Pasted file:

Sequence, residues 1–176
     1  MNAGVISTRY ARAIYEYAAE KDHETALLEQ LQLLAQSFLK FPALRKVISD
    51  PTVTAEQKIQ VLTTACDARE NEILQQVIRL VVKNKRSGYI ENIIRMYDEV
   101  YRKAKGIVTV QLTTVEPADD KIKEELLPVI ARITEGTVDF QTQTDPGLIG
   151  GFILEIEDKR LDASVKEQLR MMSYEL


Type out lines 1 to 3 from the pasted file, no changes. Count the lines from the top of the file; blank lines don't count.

Sequence, residues 1–176
     1  MNAGVISTRY ARAIYEYAAE KDHETALLEQ LQLLAQSFLK FPALRKVISD
    51  PTVTAEQKIQ VLTTACDARE NEILQQVIRL VVKNKRSGYI ENIIRMYDEV